Explaining the serological characteristics of streptococcus suis serotypes 1 and 1/2 from their capsular polysaccharide structure and biosynthesis.
Van Calsteren, M.-R., Goyette-Desjardins, G., Gagnon, F., Okura, M., Takamatsu, D., Roy, R., Gottschalk, M., and Segura, M. (2016). "Explaining the serological characteristics of streptococcus suis serotypes 1 and 1/2 from their capsular polysaccharide structure and biosynthesis.", Journal of Biological Chemistry, 291(16), pp. 8387-8398. doi : 10.1074/jbc.M115.700716 Access to full text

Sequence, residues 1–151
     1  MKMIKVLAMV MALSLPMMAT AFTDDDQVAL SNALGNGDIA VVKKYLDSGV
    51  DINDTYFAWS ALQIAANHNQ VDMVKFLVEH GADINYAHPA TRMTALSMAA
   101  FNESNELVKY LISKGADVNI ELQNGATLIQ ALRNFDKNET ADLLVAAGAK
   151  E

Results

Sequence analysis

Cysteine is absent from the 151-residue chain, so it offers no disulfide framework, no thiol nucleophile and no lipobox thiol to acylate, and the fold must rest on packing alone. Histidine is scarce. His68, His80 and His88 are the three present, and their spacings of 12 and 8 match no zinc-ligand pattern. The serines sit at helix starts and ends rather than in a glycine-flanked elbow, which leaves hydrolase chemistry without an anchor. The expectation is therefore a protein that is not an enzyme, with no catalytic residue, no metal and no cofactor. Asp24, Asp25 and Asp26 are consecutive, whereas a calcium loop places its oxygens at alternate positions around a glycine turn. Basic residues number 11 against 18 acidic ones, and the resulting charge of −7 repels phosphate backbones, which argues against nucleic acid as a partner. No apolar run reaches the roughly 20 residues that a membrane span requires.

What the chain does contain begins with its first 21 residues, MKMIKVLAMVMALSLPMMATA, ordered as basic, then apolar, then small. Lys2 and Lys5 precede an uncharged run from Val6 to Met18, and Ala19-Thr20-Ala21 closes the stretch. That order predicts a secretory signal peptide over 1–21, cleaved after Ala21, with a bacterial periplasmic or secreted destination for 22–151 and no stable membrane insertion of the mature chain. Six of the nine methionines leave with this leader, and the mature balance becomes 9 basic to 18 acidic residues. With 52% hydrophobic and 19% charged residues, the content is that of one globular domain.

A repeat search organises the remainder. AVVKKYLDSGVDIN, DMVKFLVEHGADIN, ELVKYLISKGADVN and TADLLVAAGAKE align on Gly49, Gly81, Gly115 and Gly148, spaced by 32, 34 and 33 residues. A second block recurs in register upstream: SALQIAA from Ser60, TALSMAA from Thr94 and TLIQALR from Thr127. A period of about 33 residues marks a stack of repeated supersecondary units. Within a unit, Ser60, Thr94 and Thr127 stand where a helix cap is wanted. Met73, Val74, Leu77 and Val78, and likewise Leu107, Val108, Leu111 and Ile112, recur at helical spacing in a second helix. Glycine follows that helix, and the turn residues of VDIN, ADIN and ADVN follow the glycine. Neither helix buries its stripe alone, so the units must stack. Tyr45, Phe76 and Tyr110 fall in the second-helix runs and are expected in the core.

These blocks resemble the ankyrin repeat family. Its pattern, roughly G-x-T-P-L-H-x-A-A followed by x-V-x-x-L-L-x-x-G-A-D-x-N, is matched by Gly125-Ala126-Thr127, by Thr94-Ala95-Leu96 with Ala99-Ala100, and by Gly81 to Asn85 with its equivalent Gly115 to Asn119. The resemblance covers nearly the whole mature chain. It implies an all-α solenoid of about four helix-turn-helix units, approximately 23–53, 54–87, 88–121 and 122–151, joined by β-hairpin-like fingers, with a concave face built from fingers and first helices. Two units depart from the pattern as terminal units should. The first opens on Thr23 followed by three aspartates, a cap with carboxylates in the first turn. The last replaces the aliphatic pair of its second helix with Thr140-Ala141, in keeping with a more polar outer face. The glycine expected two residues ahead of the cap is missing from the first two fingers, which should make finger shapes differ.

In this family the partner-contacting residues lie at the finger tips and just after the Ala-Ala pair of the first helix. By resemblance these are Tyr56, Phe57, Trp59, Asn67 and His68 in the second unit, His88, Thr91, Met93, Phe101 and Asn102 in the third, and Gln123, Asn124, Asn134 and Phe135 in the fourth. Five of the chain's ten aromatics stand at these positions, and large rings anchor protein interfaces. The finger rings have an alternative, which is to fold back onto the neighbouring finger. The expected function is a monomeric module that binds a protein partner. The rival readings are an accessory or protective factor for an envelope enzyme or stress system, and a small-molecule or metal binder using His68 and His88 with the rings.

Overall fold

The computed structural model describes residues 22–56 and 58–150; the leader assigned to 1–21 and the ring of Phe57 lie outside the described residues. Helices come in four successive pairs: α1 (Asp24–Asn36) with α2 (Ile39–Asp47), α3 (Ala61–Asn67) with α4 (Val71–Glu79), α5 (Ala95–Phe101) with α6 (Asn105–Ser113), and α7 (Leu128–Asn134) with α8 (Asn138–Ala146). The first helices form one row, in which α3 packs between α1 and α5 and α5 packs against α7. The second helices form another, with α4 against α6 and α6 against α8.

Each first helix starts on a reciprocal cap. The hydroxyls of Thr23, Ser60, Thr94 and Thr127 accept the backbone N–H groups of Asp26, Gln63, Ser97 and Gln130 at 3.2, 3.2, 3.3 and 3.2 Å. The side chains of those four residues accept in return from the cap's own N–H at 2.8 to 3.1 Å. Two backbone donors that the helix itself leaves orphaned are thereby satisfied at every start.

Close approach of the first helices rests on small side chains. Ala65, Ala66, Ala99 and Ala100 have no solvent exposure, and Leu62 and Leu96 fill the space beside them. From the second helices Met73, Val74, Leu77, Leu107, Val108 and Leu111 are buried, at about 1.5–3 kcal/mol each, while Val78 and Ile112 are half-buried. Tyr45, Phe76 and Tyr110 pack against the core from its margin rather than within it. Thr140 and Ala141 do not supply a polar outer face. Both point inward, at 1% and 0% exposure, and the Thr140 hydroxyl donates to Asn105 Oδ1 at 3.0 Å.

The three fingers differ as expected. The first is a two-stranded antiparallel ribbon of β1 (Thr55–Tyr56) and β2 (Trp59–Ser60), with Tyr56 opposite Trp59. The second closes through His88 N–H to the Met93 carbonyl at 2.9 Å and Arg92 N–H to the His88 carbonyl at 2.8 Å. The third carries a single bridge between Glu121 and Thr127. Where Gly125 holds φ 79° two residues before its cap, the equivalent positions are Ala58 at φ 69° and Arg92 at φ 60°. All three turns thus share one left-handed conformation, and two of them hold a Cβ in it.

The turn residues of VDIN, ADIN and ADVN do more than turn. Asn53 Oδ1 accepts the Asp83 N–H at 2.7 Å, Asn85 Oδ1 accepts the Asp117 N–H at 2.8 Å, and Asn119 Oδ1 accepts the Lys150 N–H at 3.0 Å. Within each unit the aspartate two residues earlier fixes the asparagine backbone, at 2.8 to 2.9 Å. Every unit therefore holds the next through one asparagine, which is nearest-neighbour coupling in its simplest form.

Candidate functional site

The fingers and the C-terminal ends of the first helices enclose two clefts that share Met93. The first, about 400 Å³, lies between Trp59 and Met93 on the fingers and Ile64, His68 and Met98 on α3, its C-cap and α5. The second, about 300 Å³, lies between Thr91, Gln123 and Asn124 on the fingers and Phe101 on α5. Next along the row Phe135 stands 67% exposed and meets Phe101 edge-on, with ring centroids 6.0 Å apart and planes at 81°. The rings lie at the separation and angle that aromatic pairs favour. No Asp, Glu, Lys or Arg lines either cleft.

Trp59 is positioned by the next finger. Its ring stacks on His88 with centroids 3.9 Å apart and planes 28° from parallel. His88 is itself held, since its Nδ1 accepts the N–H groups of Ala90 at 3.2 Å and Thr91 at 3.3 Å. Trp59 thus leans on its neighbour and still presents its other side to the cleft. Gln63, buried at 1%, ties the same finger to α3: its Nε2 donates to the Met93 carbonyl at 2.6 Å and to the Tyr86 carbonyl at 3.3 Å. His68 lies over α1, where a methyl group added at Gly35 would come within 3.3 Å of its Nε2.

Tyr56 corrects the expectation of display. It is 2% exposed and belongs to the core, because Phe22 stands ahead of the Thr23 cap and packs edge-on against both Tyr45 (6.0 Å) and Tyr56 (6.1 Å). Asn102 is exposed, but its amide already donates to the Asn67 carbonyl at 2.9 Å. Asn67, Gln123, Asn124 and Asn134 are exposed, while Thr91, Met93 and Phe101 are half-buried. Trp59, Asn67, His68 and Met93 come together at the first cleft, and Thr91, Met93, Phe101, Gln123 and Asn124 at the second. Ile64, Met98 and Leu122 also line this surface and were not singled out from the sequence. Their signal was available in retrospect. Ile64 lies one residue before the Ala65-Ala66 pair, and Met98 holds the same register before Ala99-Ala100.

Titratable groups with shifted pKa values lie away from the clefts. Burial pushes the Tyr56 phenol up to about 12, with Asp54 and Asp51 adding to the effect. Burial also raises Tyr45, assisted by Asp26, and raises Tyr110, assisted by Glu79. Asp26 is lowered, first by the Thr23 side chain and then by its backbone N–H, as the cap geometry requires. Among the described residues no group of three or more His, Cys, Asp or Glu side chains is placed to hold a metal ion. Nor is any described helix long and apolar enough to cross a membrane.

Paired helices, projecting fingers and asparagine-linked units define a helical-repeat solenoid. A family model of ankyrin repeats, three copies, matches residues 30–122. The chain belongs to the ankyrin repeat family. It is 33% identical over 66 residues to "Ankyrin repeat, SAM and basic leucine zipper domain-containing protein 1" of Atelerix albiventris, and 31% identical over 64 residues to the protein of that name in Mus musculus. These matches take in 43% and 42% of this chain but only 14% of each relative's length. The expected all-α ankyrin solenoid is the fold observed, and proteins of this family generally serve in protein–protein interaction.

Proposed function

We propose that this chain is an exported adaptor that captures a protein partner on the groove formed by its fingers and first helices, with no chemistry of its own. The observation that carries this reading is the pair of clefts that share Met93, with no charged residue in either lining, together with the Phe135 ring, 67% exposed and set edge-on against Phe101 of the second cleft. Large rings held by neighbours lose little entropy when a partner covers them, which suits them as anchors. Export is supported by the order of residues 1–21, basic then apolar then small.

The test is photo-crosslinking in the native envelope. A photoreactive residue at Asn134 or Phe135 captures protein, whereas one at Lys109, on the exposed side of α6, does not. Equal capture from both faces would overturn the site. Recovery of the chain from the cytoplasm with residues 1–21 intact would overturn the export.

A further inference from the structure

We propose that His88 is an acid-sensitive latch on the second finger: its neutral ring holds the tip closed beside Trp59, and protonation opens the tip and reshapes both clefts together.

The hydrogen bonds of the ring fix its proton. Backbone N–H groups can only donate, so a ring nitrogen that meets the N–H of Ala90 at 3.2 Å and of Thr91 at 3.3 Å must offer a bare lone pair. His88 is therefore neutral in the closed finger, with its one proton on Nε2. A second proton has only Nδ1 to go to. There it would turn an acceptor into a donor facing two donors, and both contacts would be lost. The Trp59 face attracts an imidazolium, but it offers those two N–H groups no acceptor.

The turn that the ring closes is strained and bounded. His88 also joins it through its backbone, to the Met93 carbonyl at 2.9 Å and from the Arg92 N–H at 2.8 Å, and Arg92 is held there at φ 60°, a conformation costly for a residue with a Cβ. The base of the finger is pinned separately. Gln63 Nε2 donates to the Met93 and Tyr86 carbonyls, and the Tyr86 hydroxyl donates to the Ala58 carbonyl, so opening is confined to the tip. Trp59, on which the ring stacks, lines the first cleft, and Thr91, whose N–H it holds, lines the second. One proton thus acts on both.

The capsular polysaccharide (CPS) is a major virulence factor in many encapsulated pathogens, as it is the case for Streptococcus suis, an important swine pathogen and emerging zoonotic agent. Moreover, the CPS is the antigen at the origin of S. suis classification into serotypes. Hence, analyses of the CPS structure are an essential step to dissect its role in virulence and the serological relations between important serotypes. Here, the CPSs of serotypes 1 and 1/2 were purified and characterized for the first time. Chemical and spectroscopic data gave the following repeating unit sequences: [6)[Neu5Ac(α2–6)GalNAc(β1–4)GlcNAc(β1–3)]Gal(β1–3)Gal(β1–4)Glc(β1–]n (serotype 1) and [4)[Neu5Ac(α2–6)GalNAc(β1–4)GlcNAc(β1–3)]Gal(β1–4)[Gal(α1–3)]Rha(β1–4)Glc(β1–]n (serotype 1/2). The Sambucus nigra lectin, which recognizes the Neu5Ac(α2–6)Gal/GalNAc sequence, showed binding to both CPSs. Compared with previously characterized serotype 14 and 2 CPSs, N-acetylgalactosamine replaces galactose as the sugar bearing the sialic acid residue in the side chain. Serological analyses of the cross-reaction of serotype 1/2 with serotypes 1 and 2 and that between serotypes 1 and 14 suggested that the side chain, and more particularly the terminal sialic acid, constitutes one important epitope for serotypes 1/2 and 2. The side chain is also an important serological determinant for serotype 1, yet sialic acid seems to play a limited role. In contrast, the side chain does not seem to be part of a major epitope for serotype 14. These results contribute to the understanding of the relationship between S. suis serotypes and provide the basis for improving diagnostic tools.
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